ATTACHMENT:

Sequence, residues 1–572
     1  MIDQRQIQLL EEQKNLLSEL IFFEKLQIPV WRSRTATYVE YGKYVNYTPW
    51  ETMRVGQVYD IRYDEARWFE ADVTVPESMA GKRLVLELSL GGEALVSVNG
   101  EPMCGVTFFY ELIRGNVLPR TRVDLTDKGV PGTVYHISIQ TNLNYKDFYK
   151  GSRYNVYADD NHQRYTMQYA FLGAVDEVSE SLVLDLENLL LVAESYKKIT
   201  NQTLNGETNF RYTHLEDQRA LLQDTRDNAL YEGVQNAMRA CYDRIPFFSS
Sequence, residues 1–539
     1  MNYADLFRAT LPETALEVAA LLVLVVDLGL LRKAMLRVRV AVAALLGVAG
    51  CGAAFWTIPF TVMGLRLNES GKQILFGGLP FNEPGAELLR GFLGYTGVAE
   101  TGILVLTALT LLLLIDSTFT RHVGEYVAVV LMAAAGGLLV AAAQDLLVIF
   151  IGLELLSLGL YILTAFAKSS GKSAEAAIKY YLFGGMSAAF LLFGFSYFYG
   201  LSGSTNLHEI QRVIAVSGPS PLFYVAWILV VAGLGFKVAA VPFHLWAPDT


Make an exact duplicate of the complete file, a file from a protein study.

Sequence, residues 1–572
     1  MIDQRQIQLL EEQKNLLSEL IFFEKLQIPV WRSRTATYVE YGKYVNYTPW
    51  ETMRVGQVYD IRYDEARWFE ADVTVPESMA GKRLVLELSL GGEALVSVNG
   101  EPMCGVTFFY ELIRGNVLPR TRVDLTDKGV PGTVYHISIQ TNLNYKDFYK
   151  GSRYNVYADD NHQRYTMQYA FLGAVDEVSE SLVLDLENLL LVAESYKKIT
   201  NQTLNGETNF RYTHLEDQRA LLQDTRDNAL YEGVQNAMRA CYDRIPFFSS
Sequence, residues 1–539
     1  MNYADLFRAT LPETALEVAA LLVLVVDLGL LRKAMLRVRV AVAALLGVAG
    51  CGAAFWTIPF TVMGLRLNES GKQILFGGLP FNEPGAELLR GFLGYTGVAE
   101  TGILVLTALT LLLLIDSTFT RHVGEYVAVV LMAAAGGLLV AAAQDLLVIF
   151  IGLELLSLGL YILTAFAKSS GKSAEAAIKY YLFGGMSAAF LLFGFSYFYG
   201  LSGSTNLHEI QRVIAVSGPS PLFYVAWILV VAGLGFKVAA VPFHLWAPDT